The Benefits of Imaginative Play for Pre-School Children

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The first five years of a child’s life are in many ways the most important for their brain development. Therefore it is essential to nurture and foster children from the beginning to help their brains develop to their full potential, and imaginative play is very beneficial for this.

Due to how humans evolved to walk upright full time, our babies are born developmentally early, meaning that in the very early days when your child is a tiny baby, the bulk of their development focuses on learning to function. The short periods of the day available for play and stimulation are focused on encouraging gross motor function (such as black and white pictures to help the eyes focus and tummy time to strengthen the neck and back muscles). Quite quickly, your child will be working on fine motor function as well as they learn to sit, crawl, and feed themselves.

Our helpless babies are gone, seemingly in a flash, leaving in their place bright, funny, curious, and opinionated creatures that have started to walk and talk and who rampage around the house in a whirlwind of adorable chaos. Yes, indeed, somewhere between a year and a half, your baby has become a toddler. From this stage, there is a shift in how and what a child is learning and therefore where imaginative play becomes a crucial component of development. No longer is your little one just learning the basics of existing, but they are also learning how to be a fully functioning person with their own personality and outlook on life. 

Imaginative play and thinking are essential skills to have at any age, including adulthood, when they can help with problem-solving and encourage critical thinking (allowing rational argument against other’s viewpoints that are not so agreeable). By encouraging and fostering imaginative play in the pre-school years, you are setting your child up with good learning skills for life. For ideas of activities to do, look at some parenting tips on Toddle.

There are several ways to encourage imaginative play in pre-school children. Guided play is terrific for this and allows children necessary bonding time with their parents, or other significant adults in their lives, at the same time. The activities you do with your pre-schooler don’t need to be complicated or expensive either; there are plenty of free or cheap activities you can do together.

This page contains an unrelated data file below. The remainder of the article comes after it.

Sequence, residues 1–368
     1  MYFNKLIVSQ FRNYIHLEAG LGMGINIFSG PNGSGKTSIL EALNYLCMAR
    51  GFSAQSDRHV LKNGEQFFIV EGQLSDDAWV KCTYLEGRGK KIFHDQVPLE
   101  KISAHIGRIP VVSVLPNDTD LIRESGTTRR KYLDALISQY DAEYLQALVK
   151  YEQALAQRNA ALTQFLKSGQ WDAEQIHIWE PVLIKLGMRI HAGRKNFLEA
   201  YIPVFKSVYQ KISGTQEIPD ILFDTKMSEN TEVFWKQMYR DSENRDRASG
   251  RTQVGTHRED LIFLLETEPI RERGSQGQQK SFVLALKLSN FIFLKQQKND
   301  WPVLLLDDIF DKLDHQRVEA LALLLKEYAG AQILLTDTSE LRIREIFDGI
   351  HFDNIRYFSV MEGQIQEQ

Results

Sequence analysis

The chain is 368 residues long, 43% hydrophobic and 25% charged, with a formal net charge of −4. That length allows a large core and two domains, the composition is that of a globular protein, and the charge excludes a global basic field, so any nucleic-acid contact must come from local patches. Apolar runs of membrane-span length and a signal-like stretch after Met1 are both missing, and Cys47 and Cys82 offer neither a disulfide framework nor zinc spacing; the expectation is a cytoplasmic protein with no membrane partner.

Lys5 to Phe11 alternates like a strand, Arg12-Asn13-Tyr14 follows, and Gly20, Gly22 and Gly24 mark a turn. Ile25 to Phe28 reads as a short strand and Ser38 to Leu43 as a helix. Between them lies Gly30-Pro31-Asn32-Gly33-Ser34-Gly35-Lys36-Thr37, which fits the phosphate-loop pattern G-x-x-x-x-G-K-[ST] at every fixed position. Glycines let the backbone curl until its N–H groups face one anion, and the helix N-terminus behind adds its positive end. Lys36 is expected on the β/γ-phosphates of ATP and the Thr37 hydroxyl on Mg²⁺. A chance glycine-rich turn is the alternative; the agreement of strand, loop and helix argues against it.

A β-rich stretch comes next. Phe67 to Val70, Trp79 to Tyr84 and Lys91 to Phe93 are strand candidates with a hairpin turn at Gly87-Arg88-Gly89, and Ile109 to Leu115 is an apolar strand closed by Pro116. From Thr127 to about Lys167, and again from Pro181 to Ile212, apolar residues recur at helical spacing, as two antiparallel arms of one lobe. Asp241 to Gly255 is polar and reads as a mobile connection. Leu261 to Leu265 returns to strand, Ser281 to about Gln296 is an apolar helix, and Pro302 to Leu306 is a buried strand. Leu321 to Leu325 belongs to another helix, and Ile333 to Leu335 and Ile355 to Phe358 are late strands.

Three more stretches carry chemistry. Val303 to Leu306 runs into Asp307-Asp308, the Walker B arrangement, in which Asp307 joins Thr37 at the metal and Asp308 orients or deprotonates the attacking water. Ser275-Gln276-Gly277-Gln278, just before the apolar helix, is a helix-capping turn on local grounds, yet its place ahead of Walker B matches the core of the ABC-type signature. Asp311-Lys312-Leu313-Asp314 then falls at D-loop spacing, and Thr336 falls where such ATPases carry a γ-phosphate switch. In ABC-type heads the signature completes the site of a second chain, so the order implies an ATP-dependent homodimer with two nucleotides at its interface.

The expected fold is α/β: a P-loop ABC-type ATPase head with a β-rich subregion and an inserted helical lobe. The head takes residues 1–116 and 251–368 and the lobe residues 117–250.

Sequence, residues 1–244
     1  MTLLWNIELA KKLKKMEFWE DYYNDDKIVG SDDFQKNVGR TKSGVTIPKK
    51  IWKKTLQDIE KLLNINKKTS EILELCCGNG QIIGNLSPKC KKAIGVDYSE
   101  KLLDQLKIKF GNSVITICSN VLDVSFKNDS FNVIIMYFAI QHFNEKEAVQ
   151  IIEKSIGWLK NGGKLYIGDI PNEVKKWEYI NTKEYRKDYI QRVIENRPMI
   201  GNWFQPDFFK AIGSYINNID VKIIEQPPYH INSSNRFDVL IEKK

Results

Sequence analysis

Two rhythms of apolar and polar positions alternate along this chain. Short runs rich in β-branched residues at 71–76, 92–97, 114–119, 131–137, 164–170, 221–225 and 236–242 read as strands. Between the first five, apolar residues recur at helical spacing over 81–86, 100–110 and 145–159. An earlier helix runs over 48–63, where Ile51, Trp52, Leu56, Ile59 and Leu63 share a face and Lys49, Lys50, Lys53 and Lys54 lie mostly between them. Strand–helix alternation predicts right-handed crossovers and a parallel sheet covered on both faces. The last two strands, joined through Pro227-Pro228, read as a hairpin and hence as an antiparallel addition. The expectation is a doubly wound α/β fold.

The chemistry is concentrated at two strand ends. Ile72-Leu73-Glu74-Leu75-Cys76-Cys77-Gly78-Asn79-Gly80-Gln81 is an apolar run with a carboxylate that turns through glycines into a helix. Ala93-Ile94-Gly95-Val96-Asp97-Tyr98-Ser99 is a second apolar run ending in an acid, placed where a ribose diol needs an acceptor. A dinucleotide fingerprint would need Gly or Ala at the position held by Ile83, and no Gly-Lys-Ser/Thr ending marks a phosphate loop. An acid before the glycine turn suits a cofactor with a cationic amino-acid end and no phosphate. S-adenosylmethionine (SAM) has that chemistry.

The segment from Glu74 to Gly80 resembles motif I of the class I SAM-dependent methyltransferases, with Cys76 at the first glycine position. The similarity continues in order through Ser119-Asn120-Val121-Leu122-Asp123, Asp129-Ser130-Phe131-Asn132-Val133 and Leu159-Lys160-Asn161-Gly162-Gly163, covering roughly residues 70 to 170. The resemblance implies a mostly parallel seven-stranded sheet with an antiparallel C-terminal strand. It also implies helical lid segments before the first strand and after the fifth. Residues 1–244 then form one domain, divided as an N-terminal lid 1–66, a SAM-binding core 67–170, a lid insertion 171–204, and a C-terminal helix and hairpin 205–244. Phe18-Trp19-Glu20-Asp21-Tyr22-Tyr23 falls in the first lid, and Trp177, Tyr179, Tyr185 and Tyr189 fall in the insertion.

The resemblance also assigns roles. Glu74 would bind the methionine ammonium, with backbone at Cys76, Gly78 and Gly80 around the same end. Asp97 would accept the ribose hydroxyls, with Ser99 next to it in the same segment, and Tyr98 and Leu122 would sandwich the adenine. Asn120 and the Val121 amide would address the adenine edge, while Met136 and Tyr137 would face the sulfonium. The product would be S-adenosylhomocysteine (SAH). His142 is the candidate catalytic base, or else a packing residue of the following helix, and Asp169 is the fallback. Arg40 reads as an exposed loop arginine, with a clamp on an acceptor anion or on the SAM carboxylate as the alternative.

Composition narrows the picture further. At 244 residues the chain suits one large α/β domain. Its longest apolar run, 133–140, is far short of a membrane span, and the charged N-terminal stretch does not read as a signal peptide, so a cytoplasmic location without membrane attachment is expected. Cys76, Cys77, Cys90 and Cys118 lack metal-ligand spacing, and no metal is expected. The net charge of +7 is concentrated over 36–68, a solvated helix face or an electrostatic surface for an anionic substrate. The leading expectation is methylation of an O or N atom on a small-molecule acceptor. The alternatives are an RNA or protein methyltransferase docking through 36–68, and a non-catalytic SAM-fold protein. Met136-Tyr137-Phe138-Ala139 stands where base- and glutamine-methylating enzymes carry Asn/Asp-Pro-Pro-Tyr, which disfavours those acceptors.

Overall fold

Dressing up, whether it be in your old clothes or in costumes bought specifically, allows young children to step outside of themselves and imagine themselves are a different version of themselves or as another character altogether. In this way, they can act out scenarios from their favorite stories, helping them to connect to beloved characters, or they can act out wholly new scenarios pulled from their heads fresh and new.

Going for a walk around your neighborhood and discussing the world around you is a very engaging activity, and it’s very simple to bring an element of imagination into it. Dress suitably for the weather and get out there during the different seasons; discuss the various things you find – in the summer, are there bees in the flowers? Talk about why the bees love flowers so much, how they make the honey we spread on our toast, and how they help fruit grow. Can your little one imagine that they are buzzing about like a fuzzy bee, finding flowers to land on? Not only are they learning to think outside of their own head, but it is reinforcing the ideas you are introducing them to by keeping them engaged in the subject. 

It is also important to remember that pre-school children need downtime too. Their attention spans are not long at all, so while they do enjoy the guided activities you do together, they will lose interest quicker than older children and seem to flit from activity to activity. Allowing them unstructured time to play alone gives little ones time to process and decompress while also encouraging the ability to entertain themselves. Again, remember their attention span is short, so don’t leave them to play alone for a long time, but 20 minutes in a safe space while you make dinner, is very beneficial for a pre-schooler and will help you in the long term too. A demanding ten-year-old who has never learned to entertain themselves for short periods is very draining, so setting the foundation in place early on is an important thing to do.

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